Fortunately, Masters saved $120,000 of Lake Holiday’s cash. What the community learns from this affair may be even more valuable.

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Quick Takes on the April 28th Board Meeting

The April 28th was long – over 3 1/2 hours, not counting an executive session. We’ve included all but about 15 minutes of that meeting, spread over 26 video clips.

Review of a new front gate contract took about 5 1/2 minutes, but review of a $1500 reimbursement for additional lifeguard open water rescue training took over 30 minutes. The latter issue apparently stemmed from roving patrol/lifeguard supervisor Zeb Brevard, rather than the board, authorizing an expenditure made by the parent of one of the lifeguards.

Just because review of the front gate contract took 5 1/2 minutes doesn’t mean there was serious review. The board rubber-stamped GM Ray Sohl’s recommendation of keeping the contract with Haines at a cost of $15 per hour rather than accept a much lower cost proposal from Spartan at a cost of $13.33 per hour. The potential savings from Spartan’s proposal? About $15,000. The board couldn’t spend a lot of time on this $130,000 contract because it had to have enough time to discuss a contract with the lifeguards requiring them to reimburse the $100 training cost if they failed to work the entire season. At one point, presumably just to shorten a ridiculously long (or was it just ridiculous?) discussion, an audience member volunteered that he would reimburse the $100 training cost if that event occurred.

For the monthly staples, Martel gave the Treasurer’s Report and GM Ray Sohl gave the Management Report. Martel also put forward a motion to fully expense rather than capitalize all of LHCC’s depreciable assets. No director asked whether that was GAAP-compliant. For that matter, no director asked what GAAP is.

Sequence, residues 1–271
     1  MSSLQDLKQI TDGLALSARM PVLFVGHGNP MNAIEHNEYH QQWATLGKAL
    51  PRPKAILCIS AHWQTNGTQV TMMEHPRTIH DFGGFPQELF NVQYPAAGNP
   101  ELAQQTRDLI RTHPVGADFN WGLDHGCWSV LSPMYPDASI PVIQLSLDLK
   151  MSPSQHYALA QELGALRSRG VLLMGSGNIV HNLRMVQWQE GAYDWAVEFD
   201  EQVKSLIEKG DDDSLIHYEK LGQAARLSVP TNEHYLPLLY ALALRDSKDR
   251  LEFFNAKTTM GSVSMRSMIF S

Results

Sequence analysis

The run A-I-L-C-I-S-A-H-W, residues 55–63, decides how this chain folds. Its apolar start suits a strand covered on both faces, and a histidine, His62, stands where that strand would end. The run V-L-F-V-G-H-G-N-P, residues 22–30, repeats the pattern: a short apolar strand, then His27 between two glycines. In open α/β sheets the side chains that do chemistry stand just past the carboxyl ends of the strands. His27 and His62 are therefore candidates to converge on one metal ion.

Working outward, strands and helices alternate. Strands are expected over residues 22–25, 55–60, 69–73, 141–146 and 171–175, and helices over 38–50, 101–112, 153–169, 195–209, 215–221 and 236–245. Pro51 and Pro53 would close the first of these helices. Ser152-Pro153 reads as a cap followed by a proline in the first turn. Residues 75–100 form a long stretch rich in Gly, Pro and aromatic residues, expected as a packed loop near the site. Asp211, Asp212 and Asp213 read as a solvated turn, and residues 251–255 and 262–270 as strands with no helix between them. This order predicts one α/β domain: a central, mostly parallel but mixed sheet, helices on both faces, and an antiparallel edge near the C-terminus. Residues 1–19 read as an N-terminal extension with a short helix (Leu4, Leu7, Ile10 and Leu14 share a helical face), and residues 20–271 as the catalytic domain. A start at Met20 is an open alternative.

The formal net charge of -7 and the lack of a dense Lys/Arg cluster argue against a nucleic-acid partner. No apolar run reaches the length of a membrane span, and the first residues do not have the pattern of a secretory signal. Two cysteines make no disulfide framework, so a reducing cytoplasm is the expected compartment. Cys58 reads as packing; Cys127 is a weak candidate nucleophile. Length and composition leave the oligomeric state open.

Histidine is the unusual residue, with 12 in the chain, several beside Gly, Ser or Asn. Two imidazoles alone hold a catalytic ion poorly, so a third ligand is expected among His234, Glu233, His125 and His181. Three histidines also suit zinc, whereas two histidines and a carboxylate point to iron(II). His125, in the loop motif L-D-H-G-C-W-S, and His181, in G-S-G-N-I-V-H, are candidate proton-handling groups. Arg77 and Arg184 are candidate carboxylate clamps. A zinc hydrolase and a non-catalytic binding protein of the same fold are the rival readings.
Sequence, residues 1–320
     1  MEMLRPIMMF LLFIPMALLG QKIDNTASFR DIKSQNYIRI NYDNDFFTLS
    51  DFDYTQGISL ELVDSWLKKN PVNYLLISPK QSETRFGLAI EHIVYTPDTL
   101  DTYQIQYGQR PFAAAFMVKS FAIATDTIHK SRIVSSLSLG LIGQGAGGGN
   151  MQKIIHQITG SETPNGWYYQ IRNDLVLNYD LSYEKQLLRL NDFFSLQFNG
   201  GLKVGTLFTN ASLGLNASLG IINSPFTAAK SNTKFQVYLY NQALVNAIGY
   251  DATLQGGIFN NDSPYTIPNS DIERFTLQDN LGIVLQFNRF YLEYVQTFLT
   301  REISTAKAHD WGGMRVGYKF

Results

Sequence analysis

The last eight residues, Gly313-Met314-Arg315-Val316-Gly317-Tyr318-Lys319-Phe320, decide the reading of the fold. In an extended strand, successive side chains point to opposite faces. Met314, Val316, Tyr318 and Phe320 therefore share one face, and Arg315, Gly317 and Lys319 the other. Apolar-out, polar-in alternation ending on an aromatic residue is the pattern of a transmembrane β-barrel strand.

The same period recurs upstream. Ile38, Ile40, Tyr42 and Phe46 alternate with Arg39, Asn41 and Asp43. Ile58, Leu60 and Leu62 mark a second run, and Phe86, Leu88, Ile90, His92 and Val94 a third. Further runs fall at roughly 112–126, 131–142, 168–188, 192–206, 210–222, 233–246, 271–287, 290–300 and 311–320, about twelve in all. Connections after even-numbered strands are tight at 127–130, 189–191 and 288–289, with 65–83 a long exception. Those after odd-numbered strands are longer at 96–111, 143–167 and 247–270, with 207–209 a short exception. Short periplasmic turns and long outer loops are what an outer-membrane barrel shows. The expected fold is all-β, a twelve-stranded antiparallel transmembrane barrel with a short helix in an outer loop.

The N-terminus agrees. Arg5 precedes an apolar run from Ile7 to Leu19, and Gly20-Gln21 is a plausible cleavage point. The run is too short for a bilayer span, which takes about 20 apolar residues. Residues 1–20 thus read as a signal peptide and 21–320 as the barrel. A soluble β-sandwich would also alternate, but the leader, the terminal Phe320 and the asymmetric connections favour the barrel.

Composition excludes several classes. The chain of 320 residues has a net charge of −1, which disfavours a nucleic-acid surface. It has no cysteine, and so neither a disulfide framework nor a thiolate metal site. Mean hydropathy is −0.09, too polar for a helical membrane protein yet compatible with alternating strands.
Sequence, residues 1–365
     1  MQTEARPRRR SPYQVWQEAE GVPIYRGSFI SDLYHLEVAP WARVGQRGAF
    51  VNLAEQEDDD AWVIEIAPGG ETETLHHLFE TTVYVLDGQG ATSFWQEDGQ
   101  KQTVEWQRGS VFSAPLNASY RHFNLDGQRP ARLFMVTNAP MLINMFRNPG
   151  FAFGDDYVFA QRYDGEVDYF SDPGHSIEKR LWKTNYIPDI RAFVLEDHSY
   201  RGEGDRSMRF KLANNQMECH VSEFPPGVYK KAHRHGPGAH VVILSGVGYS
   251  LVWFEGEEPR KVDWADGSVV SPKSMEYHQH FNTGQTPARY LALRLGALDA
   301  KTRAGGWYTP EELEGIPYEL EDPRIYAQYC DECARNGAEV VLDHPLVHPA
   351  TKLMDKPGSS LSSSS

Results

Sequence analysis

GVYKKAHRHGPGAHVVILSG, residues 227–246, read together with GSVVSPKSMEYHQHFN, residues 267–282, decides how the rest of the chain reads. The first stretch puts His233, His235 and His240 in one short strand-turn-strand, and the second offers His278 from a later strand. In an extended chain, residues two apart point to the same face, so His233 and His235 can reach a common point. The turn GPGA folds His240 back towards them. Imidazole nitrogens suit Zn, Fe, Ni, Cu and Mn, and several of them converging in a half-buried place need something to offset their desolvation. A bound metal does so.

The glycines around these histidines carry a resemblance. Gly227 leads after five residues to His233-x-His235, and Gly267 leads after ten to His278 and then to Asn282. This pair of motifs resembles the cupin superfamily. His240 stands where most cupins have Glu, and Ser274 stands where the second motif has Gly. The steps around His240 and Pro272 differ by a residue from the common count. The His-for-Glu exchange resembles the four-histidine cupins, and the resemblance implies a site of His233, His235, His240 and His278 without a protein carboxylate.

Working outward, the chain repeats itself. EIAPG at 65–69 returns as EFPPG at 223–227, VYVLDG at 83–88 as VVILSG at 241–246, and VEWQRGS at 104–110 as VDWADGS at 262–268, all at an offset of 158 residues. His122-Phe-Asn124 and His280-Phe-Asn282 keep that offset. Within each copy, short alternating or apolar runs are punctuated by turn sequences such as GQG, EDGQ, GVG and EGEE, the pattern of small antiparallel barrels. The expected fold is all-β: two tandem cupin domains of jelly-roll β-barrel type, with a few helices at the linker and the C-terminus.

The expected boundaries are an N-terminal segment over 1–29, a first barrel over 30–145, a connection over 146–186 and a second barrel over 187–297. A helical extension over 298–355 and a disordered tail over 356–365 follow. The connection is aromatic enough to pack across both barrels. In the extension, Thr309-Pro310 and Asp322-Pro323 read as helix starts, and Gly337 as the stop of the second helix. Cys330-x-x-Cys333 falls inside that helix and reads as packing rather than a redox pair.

Dave Buermeyer gathered up some projections from Miller & Smith and some boxes of old documents. He rolled them into his Vision 10, a plan for the next 10 years at Lake Holiday. It drew applause from the board, which is the only group that will pay any attention whatsoever. Buermeyer also brought back more modifications to a policy to fill board vacancies. Secretary Ken Murphy secured approval for a new Rules Tracking System. At least they’ll look pretty. Early topic of the video: picking the right font. We’ll state the obvious: when a simple community association has to have a rules tracking system, it has too many rules. The board also approved a motion to hire a new collection agency, Debt Recovery Bureau, to try to collect old LHEUC debts on a contingency basis. According to Ray Sohl, these debts are outside the 3 year statute of limitations, and 1 firm has already tried a similar approach and given up after about 2 months.

On a positive note, director Steve Locke brought up negative communications relating to architectural compliance during the Committee & Task Force Reports. He was critical of his own experience and said the board needed to find a “much more neighborly way of going about things.” He thought “a little conversation would have gone a long way.” Perhaps his wife Deborah is working with him to try to develop a “kindler, gentler” side rather than the pseudo-tough guy tactics he displayed in our Keep It Over Here Punk video. Imagine: one LHCC director thinks “a little conversation” with an adversary could go “a long way.” Believable? Enduring? Let’s wait and see.